"We were charging through the rice paddies, not stopping for anything and taking no prisoners," said Henry R. Kravis, leveraged buyout king and general partner of Kohlberg Kravis Roberts & Co., describing the bidding war for RJR Nabisco Inc. in the best-selling Barbarians at the Gate. Strange, how the biggest, wildest deal of the '80s, the $25 billion LBO of RJR is now so quietly coming to closure, ending a celebrated chapter of U.S. financial life.
Yet, perhaps not so strange. On Mar. 20, Goldman, Sachs & Co. sold the last of KKR's shares in RJR. Not many would have believed it in 1988, but the deal's lasting legacy is turning out to be one of bitterness, especially for investors. Just check the numbers. KKR bought the company at $5.62 a share on an adjusted cost basis, and it unloaded its final 8% stake for a mere $5.73 seven years later. For investors such as large public pension funds, the RJR Nabisco deal turned out to be a bust. The bidding war with CEO Ross Johnson and his management team pushed the company's price far higher than its true economic worth, especially in light of the company's tobacco liability and the later impact of Marlboro Friday.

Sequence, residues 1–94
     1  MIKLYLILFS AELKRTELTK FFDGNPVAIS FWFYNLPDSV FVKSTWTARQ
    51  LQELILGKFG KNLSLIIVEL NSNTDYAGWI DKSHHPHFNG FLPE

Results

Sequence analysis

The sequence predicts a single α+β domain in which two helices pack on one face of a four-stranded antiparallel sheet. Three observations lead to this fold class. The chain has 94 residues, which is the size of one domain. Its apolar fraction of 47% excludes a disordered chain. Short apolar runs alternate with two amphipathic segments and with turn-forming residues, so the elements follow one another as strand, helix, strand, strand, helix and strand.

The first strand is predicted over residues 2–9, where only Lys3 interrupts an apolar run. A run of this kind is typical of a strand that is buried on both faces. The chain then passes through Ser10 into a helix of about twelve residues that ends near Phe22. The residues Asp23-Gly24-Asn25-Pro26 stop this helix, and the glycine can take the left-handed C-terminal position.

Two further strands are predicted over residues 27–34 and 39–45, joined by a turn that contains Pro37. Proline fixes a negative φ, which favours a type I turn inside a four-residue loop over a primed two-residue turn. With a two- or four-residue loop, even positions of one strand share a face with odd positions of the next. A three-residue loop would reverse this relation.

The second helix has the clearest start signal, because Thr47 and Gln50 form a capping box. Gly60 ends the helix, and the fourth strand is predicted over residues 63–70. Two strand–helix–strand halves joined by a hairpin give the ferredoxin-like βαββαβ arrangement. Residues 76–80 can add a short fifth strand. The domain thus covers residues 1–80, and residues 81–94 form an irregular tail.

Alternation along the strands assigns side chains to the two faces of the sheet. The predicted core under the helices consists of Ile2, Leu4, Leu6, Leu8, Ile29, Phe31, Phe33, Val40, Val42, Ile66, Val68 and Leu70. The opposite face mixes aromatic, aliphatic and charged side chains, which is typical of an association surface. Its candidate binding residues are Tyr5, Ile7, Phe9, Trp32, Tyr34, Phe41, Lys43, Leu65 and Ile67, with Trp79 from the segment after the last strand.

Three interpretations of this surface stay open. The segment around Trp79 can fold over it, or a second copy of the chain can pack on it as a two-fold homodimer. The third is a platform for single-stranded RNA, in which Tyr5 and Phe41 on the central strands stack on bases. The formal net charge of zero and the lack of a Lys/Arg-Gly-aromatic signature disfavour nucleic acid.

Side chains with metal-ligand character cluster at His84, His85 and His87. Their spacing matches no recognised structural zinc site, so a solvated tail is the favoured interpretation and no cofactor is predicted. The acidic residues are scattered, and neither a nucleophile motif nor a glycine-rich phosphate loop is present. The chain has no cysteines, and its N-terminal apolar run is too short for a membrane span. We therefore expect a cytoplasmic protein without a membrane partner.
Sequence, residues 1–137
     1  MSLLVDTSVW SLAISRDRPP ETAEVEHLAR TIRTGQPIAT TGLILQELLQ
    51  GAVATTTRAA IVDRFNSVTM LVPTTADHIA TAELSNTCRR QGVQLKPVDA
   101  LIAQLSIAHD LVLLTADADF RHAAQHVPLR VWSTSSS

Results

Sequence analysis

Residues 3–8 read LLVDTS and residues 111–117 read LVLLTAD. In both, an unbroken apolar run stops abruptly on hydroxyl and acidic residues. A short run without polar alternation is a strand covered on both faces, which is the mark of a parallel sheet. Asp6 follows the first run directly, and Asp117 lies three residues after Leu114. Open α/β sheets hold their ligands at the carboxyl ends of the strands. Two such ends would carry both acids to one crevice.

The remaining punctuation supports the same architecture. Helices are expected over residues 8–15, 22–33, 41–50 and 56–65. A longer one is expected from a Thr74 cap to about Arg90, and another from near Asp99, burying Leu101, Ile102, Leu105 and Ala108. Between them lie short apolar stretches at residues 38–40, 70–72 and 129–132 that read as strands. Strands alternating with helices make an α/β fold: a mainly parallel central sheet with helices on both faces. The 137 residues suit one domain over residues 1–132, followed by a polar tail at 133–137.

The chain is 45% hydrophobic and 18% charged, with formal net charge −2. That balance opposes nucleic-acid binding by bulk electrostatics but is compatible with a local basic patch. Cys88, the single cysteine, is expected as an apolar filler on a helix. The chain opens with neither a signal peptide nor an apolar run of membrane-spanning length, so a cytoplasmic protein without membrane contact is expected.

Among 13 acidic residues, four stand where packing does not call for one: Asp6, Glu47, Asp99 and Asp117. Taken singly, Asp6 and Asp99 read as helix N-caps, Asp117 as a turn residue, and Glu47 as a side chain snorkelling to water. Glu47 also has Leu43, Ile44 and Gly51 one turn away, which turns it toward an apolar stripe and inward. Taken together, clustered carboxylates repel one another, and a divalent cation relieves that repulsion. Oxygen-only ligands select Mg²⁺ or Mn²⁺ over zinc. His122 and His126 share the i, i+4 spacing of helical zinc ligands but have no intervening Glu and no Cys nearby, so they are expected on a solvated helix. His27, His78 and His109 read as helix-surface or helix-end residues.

But that's the nature of risk, right? Not for everyone. It turns out that the risk was not shared equally by all the parties to the deal. While KKR didn't make much of a profit on its own direct investment in RJR, just like other investors, the firm extracted steep fees for services rendered. It received $75 million in transaction fees for the original deal, $60 million for advising the company over the years, and $279 million for additional management fees. Investors? Well, they get the short end of the stick, and KKR gets to control the money they put into KKR's LBO fund until 2000. KKR is putting the money into Borden stock, banking on a big payoff down the road.
Are there any lessons from all this? Perhaps only that greed often comes with a price tag. Investors might ponder that the next time they get carried away.